A City constable, John Johnson, 86B, stated that early that morning he was on duty in the Minories, when he heard loud screams on "Murder" proceeding from a dark court in which there were no lights. The court led to come railway arches, and was well known as a dangerous locality. On going into the court he found the prisoner with a woman, the former appeared to be under the influence of drink. Witness asked what he was doing there, when he replied, "Nothing." The woman, who appeared to be in a very agitated and frightened condition, said, "Oh, policeman, do take me out of this." The woman was so frightened that she could then make no further explanation. He got her and the accused out of the court, and sent the latter off. He walked with the woman to the end of his beat, when she said, "Dear me! He frightened me very much when he pulled a big knife out." Witness said, "Why didn't you tell me that at the time?" and she said, "I was too much frightened." He then went and looked for the prisoner, but he could not find him, and therefore warned several other constables what he had seen. Witness had been out all the morning trying to find the woman; but up to the present time had not been able to do so. He should know here again. He believed the prisoner worked in the neighbourhood. Great excitement prevails there, as it is believed that some important discoveries in connection with the recent murders might come to light, and several people have alleged this man knows something about the tragedies. It has already been ascertained that Ludwig who now professes that he is not able to speak English, has been in this country for about three months. He accounts for his time during the last three weeks; but nothing is at present known what he has been doing before that time. Mr. Saunders said it was clear the prisoner was a dangerous man, and ordered him to be remanded.


Alexander Fineberg is a young man, apparently about 20 years of age. In answer to inquiries by our representative today, he said, "While standing at a coffee stall at the end of Commercial road and Whitechapel road about half past three o'clock this morning, Ludwig came to the stall. He asked for a cup of coffee. So far as I can remember he wore a tall hat, a black frock coat and a stand up collar. He appeared to me to be a broken down musher. I should say he was about 40 years of age. he was about 5ft 6in in height; had dark hair and a grisly moustache and whiskers. He tendered one halfpenny for the coffee, and as he would not give a penny the woman who was in charge of the stall refused to serve him. He appeared to me to be intoxicated. He then turned to me and said, "Who are you looking at?" He spoke in broken English. I replied, "I am not looking at you. I am not doing any harm." He then said, "Do you want something?"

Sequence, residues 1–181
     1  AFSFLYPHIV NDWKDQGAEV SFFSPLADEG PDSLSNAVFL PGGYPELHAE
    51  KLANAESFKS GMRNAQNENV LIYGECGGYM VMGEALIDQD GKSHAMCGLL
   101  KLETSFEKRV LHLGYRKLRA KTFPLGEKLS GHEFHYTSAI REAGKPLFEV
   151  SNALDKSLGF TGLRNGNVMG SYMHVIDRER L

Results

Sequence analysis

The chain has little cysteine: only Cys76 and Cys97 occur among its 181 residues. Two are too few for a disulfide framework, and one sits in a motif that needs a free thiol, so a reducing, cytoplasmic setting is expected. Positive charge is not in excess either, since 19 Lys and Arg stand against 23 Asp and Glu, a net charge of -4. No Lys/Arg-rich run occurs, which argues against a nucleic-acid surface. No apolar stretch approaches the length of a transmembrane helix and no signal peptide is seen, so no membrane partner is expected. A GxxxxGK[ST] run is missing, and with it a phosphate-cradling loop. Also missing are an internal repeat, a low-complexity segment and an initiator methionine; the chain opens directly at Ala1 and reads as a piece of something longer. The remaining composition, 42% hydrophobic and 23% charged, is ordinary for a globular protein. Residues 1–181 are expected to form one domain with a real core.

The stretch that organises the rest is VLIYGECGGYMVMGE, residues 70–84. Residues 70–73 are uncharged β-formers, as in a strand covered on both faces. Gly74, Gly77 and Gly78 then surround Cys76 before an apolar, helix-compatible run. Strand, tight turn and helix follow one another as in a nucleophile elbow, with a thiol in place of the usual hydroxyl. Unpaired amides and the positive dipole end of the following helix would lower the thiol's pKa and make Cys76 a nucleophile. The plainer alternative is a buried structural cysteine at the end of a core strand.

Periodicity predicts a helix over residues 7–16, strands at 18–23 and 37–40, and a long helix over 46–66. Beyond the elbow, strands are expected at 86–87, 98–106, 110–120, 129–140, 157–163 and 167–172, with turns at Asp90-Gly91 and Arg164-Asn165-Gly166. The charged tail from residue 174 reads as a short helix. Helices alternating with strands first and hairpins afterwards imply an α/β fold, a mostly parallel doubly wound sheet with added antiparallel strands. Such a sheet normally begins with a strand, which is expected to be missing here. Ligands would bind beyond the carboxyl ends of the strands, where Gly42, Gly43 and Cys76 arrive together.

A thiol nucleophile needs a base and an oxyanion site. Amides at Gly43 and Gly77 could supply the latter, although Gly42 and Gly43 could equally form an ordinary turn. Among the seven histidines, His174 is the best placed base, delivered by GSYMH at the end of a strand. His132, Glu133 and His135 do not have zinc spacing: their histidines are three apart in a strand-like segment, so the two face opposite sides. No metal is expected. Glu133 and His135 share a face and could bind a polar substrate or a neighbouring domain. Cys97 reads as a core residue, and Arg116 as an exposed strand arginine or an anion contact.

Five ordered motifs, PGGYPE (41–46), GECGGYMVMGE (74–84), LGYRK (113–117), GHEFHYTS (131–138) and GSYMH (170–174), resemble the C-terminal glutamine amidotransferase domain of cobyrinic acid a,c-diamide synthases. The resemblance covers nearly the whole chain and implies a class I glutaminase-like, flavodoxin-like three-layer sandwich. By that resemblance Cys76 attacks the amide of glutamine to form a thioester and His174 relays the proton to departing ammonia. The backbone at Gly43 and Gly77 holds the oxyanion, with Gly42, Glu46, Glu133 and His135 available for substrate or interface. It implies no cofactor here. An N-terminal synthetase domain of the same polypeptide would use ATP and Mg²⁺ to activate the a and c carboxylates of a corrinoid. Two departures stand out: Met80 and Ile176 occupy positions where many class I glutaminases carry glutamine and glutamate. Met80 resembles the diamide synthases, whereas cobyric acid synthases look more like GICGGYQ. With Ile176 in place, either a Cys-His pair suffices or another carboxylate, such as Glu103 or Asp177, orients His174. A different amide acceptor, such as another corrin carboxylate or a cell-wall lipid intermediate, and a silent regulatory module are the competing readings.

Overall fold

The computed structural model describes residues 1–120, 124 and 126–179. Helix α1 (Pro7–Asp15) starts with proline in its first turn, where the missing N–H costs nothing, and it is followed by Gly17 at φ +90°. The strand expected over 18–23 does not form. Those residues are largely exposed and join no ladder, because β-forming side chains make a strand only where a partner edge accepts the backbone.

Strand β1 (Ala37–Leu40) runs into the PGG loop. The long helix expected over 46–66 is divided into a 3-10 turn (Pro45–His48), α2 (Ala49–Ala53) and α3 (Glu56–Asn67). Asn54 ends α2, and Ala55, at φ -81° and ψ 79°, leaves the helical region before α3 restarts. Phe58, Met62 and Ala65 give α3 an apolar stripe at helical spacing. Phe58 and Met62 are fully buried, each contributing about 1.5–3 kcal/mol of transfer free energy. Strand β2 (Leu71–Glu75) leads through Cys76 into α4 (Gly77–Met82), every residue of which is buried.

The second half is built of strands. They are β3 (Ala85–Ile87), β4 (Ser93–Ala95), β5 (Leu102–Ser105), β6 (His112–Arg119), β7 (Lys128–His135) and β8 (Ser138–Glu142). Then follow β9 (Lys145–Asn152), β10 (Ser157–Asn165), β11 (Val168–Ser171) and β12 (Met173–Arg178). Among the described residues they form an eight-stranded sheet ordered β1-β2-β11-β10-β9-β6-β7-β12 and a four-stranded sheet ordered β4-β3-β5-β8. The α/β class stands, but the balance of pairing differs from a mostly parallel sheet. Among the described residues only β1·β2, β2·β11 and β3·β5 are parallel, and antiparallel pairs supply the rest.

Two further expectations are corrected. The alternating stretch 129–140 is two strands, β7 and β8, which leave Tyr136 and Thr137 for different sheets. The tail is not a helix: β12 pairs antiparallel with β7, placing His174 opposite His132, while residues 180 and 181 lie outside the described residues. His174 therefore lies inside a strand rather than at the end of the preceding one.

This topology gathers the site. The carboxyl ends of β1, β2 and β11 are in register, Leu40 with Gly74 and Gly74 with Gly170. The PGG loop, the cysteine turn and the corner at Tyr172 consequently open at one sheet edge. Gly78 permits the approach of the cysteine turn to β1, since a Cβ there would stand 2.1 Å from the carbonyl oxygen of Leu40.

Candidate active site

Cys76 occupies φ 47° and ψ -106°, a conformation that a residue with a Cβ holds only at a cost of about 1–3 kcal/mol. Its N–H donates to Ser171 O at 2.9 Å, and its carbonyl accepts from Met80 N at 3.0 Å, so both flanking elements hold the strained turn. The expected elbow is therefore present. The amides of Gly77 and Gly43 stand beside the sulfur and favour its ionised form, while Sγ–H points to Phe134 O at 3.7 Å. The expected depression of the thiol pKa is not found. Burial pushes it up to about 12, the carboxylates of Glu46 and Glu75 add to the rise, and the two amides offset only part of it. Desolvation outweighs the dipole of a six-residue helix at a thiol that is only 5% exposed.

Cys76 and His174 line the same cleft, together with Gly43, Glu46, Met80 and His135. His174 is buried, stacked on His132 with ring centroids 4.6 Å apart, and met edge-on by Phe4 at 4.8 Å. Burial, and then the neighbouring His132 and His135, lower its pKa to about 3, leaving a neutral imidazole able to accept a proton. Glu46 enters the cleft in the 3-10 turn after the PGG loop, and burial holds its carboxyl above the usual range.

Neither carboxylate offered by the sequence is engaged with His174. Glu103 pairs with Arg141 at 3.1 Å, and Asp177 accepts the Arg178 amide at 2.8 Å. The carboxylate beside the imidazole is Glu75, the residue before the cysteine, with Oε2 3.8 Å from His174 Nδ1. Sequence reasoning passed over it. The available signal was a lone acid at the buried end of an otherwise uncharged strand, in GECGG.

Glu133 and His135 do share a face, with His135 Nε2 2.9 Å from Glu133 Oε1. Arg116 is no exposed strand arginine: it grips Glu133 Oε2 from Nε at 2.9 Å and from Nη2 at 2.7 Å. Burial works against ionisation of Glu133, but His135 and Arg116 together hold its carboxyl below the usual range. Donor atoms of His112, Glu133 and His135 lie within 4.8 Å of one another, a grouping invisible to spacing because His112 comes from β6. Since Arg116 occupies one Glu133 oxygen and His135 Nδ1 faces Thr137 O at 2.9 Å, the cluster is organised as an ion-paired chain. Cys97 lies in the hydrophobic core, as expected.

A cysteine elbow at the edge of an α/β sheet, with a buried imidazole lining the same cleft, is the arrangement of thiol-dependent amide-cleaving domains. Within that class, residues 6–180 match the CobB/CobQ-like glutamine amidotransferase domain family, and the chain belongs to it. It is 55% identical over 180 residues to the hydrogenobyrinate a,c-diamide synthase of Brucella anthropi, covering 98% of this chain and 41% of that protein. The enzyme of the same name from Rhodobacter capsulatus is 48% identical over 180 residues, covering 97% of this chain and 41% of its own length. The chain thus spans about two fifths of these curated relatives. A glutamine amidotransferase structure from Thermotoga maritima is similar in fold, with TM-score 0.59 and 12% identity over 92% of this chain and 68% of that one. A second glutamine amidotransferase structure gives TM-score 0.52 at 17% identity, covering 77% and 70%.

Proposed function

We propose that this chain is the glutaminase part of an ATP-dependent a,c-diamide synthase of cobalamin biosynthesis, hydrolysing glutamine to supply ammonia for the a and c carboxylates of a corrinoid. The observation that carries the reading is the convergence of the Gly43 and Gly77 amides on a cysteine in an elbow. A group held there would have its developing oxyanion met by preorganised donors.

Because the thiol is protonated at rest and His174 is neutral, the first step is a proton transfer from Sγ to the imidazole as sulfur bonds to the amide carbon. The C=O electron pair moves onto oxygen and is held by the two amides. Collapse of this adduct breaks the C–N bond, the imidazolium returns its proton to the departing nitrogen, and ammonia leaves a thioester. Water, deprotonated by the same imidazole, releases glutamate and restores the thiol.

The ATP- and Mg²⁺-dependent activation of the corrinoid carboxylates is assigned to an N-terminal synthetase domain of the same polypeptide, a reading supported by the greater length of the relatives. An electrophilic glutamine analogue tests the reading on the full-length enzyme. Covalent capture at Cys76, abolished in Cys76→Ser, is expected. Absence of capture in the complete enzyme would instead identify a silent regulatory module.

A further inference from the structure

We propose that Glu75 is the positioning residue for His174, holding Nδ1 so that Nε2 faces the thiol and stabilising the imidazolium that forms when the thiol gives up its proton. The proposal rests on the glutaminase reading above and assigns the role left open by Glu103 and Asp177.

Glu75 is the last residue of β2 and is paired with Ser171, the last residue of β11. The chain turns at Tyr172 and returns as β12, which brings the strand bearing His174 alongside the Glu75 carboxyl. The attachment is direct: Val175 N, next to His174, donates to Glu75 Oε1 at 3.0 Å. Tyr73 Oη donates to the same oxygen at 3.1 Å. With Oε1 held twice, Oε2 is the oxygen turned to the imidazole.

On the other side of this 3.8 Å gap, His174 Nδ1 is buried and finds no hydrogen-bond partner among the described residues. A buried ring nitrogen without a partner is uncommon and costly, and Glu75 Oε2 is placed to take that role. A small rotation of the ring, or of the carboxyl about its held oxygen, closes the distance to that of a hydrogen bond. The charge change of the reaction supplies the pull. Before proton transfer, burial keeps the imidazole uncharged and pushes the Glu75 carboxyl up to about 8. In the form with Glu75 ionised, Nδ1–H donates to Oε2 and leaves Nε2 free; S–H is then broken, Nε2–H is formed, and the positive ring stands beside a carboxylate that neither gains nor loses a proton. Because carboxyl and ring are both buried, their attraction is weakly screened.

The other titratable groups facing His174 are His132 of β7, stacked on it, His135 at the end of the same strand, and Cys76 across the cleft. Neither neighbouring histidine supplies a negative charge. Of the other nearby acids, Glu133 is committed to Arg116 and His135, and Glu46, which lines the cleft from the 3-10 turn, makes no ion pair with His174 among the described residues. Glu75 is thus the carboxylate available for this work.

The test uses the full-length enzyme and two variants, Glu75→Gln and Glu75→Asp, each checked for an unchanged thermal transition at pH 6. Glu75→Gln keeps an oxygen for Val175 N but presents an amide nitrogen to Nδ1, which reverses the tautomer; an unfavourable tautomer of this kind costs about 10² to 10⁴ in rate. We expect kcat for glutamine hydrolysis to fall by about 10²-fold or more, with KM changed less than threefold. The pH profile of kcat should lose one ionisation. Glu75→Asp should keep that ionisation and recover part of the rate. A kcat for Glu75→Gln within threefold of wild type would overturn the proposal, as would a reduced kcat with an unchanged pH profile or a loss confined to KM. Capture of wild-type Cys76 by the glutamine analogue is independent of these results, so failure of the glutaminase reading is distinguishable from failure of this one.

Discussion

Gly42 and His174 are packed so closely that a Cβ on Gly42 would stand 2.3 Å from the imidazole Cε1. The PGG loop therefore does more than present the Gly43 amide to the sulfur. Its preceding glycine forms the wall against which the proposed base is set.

"With these words, " said Fineberg, "he opened his coat, and pulled out a large, long bladed penknife. He struck at me with it, but I evaded the blow, and ran round the stall. He followed me, so I took a dish from off the stall to throw at him. The woman in charge, however, asked me not to do so, but to give the man in charge. At that moment a constable came up, and I charged the man with attempting to stab me. While we were standing there Constable Johnson came up and said he wanted Ludwig for attempting to cut a woman's throat. They then took him to Leman street Police station."


"On the way to the station one of the constables said to me, 'Watch his hands; he may throw something away.' Almost immediately afterwards I heard something drop, and we then saw a long bladed penknife lying on the pavement. I think he took the hint from the constable."

"But he asserts that he does not understand English."

"Oh, he can understand it when he likes. He addressed me in broken English."


"Have you seen the man before?" inquired the reporter.

"Oh, yes. I should have told you. About a quarter past three, I saw Ludwig walking towards the Minories with a woman. I noticed him particularly, because of his dress. About a quarter of an hour afterwards, the woman again passed the stall. She was running in the direction of Whitechapel road, and was shouting, although I could not understand what she said. It was about five minutes after that that Ludwig came up to the stall."


The prisoner Ludwig asserts that he lives at No. 1 The Minories. When our reporter visited there this morning, however, two persons on the premises denied that he resided there. the ground floor is occupied by a barber, and there is a club on the first floor. The upper portion of the house, however, is, it is stated, unoccupied. Constable Johnson has not yet been able to identify the woman whom he found with Ludwig in the Minories this morning. The police are, indeed, very reticent in the matter, and will merely say they are investigating the case.


Edward Quinn, a labourer, yesterday appeared in the Woolwich Police court dock. His face and hands were bruised, and his clothing blood stained. The Magistrate was about to dispose of the case summarily, when the prisoner stated that on Saturday he fell down and cut his face and knuckles. He went to a public house, and a man then told him he should charge him with the Whitechapel murder.

Mr. Fenwick:- Were you not drunk?

Quinn:- Certainly not, Sir.

Mr. Fenwick:- You will be remanded until tomorrow.

Quinn:- This is rather rough. I am dragged a mile to the station and locked up, and I am to wait another day with all this suspicion of murder hanging over my head.

Mr. Fenwick:- I will take your own bail in 5 for your reappearance.

Quinn:- I object to the whole thing. Me murder a woman! I couldn't murder a cat. (Laughter.)

The prisoner was then released on his recognisances.